A 20-Mb region of chromosome 4 controls TNF-alpha-mediated CD8+ T cell aggression toward beta cells in type 1 diabetes.
Chamberlain G., Wållberg M., Rainbow D., Hunter K., Wicker LS., Green EA.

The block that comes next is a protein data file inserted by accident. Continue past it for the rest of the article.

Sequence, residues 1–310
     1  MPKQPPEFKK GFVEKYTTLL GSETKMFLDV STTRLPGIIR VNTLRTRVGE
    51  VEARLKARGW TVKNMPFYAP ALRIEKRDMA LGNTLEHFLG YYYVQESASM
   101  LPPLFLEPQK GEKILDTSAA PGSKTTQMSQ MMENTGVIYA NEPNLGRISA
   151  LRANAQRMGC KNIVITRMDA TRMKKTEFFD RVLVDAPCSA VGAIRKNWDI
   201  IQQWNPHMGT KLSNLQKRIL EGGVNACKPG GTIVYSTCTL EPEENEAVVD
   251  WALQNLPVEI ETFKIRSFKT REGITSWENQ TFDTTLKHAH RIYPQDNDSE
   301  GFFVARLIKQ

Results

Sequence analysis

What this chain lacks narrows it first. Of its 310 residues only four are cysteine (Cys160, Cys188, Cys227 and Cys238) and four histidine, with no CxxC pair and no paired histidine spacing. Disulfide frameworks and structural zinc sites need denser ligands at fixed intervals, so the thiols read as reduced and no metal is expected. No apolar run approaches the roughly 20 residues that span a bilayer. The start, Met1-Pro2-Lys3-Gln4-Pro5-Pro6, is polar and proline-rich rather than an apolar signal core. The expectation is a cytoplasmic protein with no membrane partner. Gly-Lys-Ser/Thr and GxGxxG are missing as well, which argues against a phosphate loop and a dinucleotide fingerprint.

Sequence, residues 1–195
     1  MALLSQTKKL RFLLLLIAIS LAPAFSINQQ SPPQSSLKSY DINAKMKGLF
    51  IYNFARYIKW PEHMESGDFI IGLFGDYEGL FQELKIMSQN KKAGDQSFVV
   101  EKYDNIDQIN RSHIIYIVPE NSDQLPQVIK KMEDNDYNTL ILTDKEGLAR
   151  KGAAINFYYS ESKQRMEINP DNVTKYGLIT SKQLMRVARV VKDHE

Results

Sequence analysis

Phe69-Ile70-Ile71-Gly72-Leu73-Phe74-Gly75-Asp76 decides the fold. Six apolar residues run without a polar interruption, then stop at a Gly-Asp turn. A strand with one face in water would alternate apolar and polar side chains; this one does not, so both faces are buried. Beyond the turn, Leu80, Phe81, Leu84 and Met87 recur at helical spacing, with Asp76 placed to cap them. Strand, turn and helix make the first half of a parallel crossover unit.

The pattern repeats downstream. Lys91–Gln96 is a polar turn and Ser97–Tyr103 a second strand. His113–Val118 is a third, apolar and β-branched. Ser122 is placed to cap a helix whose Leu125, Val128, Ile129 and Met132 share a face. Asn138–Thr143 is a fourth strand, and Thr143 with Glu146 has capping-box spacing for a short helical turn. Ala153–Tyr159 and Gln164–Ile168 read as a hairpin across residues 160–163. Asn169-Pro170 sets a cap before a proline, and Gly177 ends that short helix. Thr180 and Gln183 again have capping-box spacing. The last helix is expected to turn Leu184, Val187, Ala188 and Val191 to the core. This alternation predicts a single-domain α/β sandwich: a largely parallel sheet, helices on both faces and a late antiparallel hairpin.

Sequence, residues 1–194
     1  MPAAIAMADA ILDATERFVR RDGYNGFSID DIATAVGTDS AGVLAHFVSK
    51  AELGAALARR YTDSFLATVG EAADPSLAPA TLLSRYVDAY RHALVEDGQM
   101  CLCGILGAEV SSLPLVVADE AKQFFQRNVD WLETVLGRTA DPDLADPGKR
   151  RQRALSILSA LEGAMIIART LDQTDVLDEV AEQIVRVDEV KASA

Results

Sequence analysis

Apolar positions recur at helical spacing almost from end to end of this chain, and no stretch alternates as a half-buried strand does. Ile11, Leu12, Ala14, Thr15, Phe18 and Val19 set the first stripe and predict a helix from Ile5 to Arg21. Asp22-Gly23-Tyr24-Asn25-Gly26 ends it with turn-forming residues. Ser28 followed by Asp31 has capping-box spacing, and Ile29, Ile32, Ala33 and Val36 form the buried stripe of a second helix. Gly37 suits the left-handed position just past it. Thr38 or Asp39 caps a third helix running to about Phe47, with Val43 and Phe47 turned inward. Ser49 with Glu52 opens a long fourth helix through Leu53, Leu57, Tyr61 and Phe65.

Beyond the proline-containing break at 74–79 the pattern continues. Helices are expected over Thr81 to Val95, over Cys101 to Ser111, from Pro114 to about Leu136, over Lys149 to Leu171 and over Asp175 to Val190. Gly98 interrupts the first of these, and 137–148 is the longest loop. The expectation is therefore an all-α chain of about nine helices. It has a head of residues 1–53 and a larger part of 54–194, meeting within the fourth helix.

Identification of candidate genes and their immunological mechanisms that control autoaggressive T cells in inflamed environments, may lead to novel therapies for autoimmune diseases, like type 1 diabetes (T1D). In this study, we used transgenic NOD mice that constitutively express TNF-alpha in their islets from neonatal life (TNF-alpha-NOD) to identify protective alleles that control T1D in the presence of a proinflammatory environment. We show that TNF-alpha-mediated breakdown in T cell tolerance requires recessive NOD alleles. To identify some of these recessive alleles, we crossed TNF-alpha-NOD mice to diabetes-resistant congenic NOD mice having protective alleles at insulin-dependent diabetes (Idd) loci that control spontaneous T1D at either the preinsulitis (Idd3.Idd5) or postinsulitis (Idd9) phases. No protection from TNF-alpha-accelerated T1D was afforded by resistance alleles at Idd3.Idd5. Lack of protection was not at the level of T cell priming, the efficacy of islet-infiltrating APCs to present islet peptides, nor the ability of high levels of CD4+ Foxp3+ T cells to accumulate in the islets. In contrast, protective alleles at Idd9 significantly increased the age at which TNF-alpha-NOD mice developed T1D. Disease delay was associated with a decreased ability of CD8+ T cells to respond to islet Ags presented by islet-infiltrating APCs. Finally, we demonstrate that the protective region on chromosome 4 that controls T1D in TNF-alpha-Idd9 mice is restricted to the Idd9.1 region. These data provide new evidence of the mechanisms by which selective genetic loci control autoimmune diseases in the presence of a strong inflammatory assault.